Woman of Steel participant welding a T joint in the horizontal position using the Shielded Metal Arc welding process.

Last year I completed my first year in the St. Lawrence College welding and fabrication program. The last semester has provided many interesting challenges and I look forward to the second year.

I am one of many mature students at this school and attending St. Lawrence College has allowed me the opportunity to pursue my second career in the shop and in an alternate delivery. I have found the information provided by the CWB a good reference and I was interested in the opportunities for education and awards as I am new to welding.

Surprisingly, the thing that led me to choose welding was this pandemic. I had enjoyed my career as a freelance lighting technician in Toronto, however, I was unable to continue when we entered lockdown.

I realized the right thing to do was to consider a second career I could pursue while in lockdown. I researched careers that were essential, hands-on and something I could study in the next couple of years for my second career. I applied to college within the week and chose Welding at St. Lawrence. I am glad I chose welding because I have enjoyed my first year in this program, learning basic welding, blueprints, and theory and I am eager to continue in the field and in my second year.

Before St. Lawrence, I achieved an advanced diploma in Technical Production for Theatre and Live Events. This included various practical classes in mediums such as carpentry, prop construction, soldering, lighting, and production management. In my final year, I completed a field placement at Christie Lites (a major lighting rental shop in Toronto) and was hired for the electronics department after grad. I worked at that job for a year, taking on more as I went, and then left to pursue a career as a freelance lighting tech. Christie Lites hired me for their prep crew right away. I also worked for other major productions such as Veld, CBC, IATSE Local 58 and the MTCC Auto Show. While I could not continue in that industry due to the lack of opportunities in the post-pandemic world, I have realized what I liked about that career was the process of constructing something in a shop and building it on site. With my current studies and previous experience, I can continue that in a new, essential medium. In short, my academic achievements include a 3.7 average from Sheridan and a 3.0 at St. Lawrence.

Previously, I have been the recipient of the Set Aside Fund Bursary (2020), the Sheridan Varsity Athletic Award and the Sheridan Varsity Letter Award. I intended to pursue varsity athletics at St. Lawrence, however, that was not an option due to the covid restrictions, therefore I joined a local hockey team in the Cornwall Community. Though our season was cut short due to more covid restrictions, my team achieved 4th place in our division. Currently, I am up for the VP of Student Life Position at the SLC student union, and I also work at the Parks of St. Lawrence. I have also won SLC student union Trivia night and the Nomads Rugby Club Talent Show.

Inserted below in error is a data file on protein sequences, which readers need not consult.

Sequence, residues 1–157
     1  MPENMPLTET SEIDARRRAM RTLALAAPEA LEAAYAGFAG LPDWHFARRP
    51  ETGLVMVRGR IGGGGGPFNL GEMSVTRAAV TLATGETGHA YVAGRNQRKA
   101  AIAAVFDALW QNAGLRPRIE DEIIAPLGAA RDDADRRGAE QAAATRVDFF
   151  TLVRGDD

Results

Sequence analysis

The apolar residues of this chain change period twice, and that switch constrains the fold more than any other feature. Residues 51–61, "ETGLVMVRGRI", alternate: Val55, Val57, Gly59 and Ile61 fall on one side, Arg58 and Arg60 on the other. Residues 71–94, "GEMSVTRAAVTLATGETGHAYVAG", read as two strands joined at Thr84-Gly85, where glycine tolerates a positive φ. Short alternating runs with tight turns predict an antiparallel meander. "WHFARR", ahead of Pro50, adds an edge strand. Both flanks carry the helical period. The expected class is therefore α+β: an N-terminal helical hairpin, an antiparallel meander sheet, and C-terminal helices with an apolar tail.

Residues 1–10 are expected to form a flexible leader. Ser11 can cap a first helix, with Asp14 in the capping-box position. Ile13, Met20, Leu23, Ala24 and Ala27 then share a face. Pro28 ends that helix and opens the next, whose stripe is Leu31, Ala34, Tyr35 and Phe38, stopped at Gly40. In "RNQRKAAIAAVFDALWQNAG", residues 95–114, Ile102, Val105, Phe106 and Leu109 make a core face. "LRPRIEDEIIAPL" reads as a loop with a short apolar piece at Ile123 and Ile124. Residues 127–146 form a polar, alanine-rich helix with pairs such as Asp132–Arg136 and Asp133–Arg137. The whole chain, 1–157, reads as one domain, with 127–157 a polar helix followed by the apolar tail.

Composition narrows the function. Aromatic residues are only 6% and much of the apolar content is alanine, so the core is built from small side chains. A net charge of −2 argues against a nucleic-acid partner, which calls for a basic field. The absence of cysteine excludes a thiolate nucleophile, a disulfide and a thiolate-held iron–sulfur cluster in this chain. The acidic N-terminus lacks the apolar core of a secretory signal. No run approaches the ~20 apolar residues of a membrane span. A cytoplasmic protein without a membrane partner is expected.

After my graduation, in April 2023, my goal is to get my CWB welding ticket and pursue a career as a welder. Ideally, an IATSE 873 welder. I have been an IATSE 58 permittee for 2 years now and I understand IATSE 873 is currently looking for welders to build film sets due to the demand for content in the Canadian film industry. I have also considered the pipe welders union and the boilermakers union, at the recommendation of my teachers.

As I understand it, Hugh Krentz had a passion for the use of construction standards, which made a big contribution to the safety standards at the time. In production, I was taught that “safety laws are written in blood” and I understand that progress towards public safety often comes from within the departments and requires education and pressure from those in the industry. Through my own research, I have realized the importance of standards and safety policies to enforce best practices in welding shops and public job sites which reduce risks and errors.

In conclusion, the Hugh Krentz Student Award has allowed me to build on my previous work experience and my current welding studies while continuing a legacy of safe practices in welding. With this scholarship, I will continue my studies and pursue my chosen career after graduation on a safety-oriented job site mandated by the Canadian Welding Bureau. I applied for this award under the recommendation of supervisors in the welding industry and, by following their tutelage, I have been able to build my skillset with the construction information now in the public domain because of the efforts of apprenticeship-style programs and educators.